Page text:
For DWU and the Restau­rant Oppor­tu­ni­ties Cen­ter (ROC), both of which have spread to become nation­al orga­ni­za­tions, work­ing with high road” employ­ers has become a strat­e­gy. ROC is hav­ing its first-ever High Road Restau­rant Week” this week to encour­age con­scious con­sumers to dine at estab­lish­ments with good labor prac­tices. ROC in par­tic­u­lar asks con­sumers to be a part of the labor move­ment, to be as aware of the labor that pro­duces their food as they are of its envi­ron­men­tal impact. In some ways this has proved to be a use­ful strat­e­gy, but in oth­ers it seems like a tac­it admis­sion of the lim­i­ta­tions of these orga­ni­za­tions: As Jenk­ins not­ed, when one can­not demand, one must ask nicely.

Sym­bol­ic vic­to­ries are good, they do help make peo­ple aware of the prob­lems,” Milk­man says, but chang­ing the actu­al pay and work­ing con­di­tions of pre­car­i­ous work­ers is a much heav­ier lift.”

Polit­i­cal edu­ca­tion is a part of the deal for many of the groups in this vol­ume, from Make the Road to ROC, which makes racial and gen­der jus­tice cen­tral to its cam­paigns. MinKwon, a Kore­an-Amer­i­can civ­il rights orga­ni­za­tion that does labor orga­niz­ing, also works to edu­cate and orga­nize the broad­er Kore­an immi­grant com­mu­ni­ty around work­ers’ rights, even press­ing small busi­ness own­ers who are mem­bers to do bet­ter by their employees.

Orga­niz­ing the com­mu­ni­ty around the labor bat­tle, it turns out, can be just as impor­tant as push­ing with­in a spe­cif­ic work­place. This is impor­tant to many of the groups fea­tured here, from MinKwon to NYCC to La Fuente. As Milk­man points out, With an immi­grant pop­u­la­tion, there are often con­nec­tions, very direct ones, between the com­mu­ni­ty and the work­place, because of the social net­works that immi­grants rely on both to get hous­ing and jobs.”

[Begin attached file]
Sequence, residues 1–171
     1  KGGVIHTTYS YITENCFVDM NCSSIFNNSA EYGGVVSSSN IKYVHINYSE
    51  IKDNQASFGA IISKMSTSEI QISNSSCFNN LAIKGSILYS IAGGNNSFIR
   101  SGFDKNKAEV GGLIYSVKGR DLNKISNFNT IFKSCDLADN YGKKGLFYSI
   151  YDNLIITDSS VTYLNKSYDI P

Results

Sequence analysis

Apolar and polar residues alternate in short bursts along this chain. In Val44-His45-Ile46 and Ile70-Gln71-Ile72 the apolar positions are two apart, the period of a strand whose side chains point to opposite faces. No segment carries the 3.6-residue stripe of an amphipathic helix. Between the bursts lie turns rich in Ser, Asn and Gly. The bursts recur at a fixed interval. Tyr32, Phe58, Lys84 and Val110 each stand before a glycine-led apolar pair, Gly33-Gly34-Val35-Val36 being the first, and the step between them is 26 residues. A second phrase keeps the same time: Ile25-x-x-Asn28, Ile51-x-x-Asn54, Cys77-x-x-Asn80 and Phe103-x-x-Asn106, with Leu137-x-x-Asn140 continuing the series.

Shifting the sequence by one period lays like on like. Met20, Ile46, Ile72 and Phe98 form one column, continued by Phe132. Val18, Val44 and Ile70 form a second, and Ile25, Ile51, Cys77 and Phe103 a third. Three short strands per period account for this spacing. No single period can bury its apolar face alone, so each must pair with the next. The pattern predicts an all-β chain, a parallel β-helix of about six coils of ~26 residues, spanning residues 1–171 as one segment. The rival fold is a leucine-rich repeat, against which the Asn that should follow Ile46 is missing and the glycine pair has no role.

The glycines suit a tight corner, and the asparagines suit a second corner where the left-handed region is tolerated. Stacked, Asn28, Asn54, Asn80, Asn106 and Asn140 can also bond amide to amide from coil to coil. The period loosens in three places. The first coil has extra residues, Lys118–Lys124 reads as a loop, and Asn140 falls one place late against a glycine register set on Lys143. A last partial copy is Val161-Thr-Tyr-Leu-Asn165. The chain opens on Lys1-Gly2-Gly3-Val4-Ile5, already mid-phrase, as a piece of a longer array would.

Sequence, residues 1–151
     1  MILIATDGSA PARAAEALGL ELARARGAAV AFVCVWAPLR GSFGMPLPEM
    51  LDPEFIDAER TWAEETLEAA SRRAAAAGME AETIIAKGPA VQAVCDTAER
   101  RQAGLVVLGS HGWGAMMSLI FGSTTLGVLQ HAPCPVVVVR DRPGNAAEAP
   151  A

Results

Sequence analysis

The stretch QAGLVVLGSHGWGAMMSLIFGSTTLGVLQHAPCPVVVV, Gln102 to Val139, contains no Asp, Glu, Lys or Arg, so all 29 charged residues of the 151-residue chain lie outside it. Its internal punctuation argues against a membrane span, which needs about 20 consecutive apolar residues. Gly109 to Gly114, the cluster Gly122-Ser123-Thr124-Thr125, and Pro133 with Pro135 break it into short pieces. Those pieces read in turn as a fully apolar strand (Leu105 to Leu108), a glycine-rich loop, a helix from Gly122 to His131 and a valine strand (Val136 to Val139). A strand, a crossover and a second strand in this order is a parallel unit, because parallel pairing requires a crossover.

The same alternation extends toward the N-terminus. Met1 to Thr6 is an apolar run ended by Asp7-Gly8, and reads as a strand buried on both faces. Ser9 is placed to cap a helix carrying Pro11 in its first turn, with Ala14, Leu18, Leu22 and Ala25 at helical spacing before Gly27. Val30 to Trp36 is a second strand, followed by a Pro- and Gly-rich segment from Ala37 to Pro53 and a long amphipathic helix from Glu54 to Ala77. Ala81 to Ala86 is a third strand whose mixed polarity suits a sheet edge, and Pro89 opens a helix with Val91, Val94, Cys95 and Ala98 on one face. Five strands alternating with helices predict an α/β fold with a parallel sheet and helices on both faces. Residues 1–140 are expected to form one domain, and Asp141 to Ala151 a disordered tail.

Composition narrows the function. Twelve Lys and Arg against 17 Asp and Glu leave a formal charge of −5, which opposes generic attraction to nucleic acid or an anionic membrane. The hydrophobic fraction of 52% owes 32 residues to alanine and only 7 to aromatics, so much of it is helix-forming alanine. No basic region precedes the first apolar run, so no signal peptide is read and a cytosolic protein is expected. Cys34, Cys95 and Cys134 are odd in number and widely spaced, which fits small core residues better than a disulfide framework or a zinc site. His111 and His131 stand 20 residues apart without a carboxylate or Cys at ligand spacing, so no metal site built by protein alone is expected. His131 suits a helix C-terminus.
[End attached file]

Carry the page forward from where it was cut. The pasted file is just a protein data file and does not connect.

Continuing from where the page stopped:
Unit­ed New York rep­re­sents an effort by a labor union — in this case, SEIU — to build an insti­tu­tion to sup­port social move­ment orga­niz­ing. Lynne Turn­er explores the deci­sion by the union to put mon­ey into the Fight for a Fair Econ­o­my” — a fight that took off more than any­one expect­ed when Occu­py Wall Street appeared in low­er Man­hat­tan soon after the found­ing of Unit­ed New York as part of the nation­al cam­paign. Camille Rivera, leader of Unit­ed NY, pushed the group and oth­er unions to help sup­port the nascent movement.

Some of the more cre­ative tac­tics in the reper­toire of new labor groups are not new at all. Milk­man points out, Pri­or to the New Deal and the leg­is­la­tion that came along in the mid-1930s, pre­car­i­ous work was the norm too. It’s not sur­pris­ing that the pre-New Deal forms of labor orga­niz­ing have some res­o­nance today. Basi­cal­ly we’ve revert­ed back to that sit­u­a­tion with the unrav­el­ing of the New Deal-based labor rela­tions system.”

The Retail Action Project (RAP), launched in 2005 as an inde­pen­dent cen­ter with sup­port from RWD­SU and com­mu­ni­ty orga­ni­za­tion Good Old Low­er East Side (GOLES), draws on some of that his­to­ry to incor­po­rate what his­to­ri­an Dorothy Sue Cob­ble has called occu­pa­tion­al union­ism:” pro­vid­ing work­ers with skills train­ing and orga­niz­ing around an indus­try, rather than a par­tic­u­lar work­place. It’s a mod­el that still exists today, with­in the build­ing trades, though Peter Ikel­er in this vol­ume makes clear that RAP is far from being able to have enough pow­er with­in the indus­try to con­trol hir­ing and set wages. Still, Milk­man notes, There’s a lot more inter­est in that mod­el of union­ism being revived than there was in the mid-20th cen­tu­ry when it seemed like it was this rel­ic of an ear­li­er era — well, that ear­li­er era is back.”